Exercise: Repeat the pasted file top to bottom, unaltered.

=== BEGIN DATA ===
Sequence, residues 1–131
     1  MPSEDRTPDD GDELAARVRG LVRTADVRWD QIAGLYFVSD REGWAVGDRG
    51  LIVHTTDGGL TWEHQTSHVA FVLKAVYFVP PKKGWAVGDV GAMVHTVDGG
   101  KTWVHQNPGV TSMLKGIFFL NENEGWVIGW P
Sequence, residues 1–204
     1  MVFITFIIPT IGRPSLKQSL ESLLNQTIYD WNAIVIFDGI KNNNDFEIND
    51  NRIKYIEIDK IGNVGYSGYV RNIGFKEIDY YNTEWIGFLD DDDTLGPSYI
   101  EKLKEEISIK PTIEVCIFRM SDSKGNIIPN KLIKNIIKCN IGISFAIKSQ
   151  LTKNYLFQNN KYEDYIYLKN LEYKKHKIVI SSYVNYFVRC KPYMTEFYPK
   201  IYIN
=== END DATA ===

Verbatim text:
Sequence, residues 1–131
     1  MPSEDRTPDD GDELAARVRG LVRTADVRWD QIAGLYFVSD REGWAVGDRG
    51  LIVHTTDGGL TWEHQTSHVA FVLKAVYFVP PKKGWAVGDV GAMVHTVDGG
   101  KTWVHQNPGV TSMLKGIFFL NENEGWVIGW P
Sequence, residues 1–204
     1  MVFITFIIPT IGRPSLKQSL ESLLNQTIYD WNAIVIFDGI KNNNDFEIND
    51  NRIKYIEIDK IGNVGYSGYV RNIGFKEIDY YNTEWIGFLD DDDTLGPSYI
   101  EKLKEEISIK PTIEVCIFRM SDSKGNIIPN KLIKNIIKCN IGISFAIKSQ
   151  LTKNYLFQNN KYEDYIYLKN LEYKKHKIVI SSYVNYFVRC KPYMTEFYPK
   201  IYIN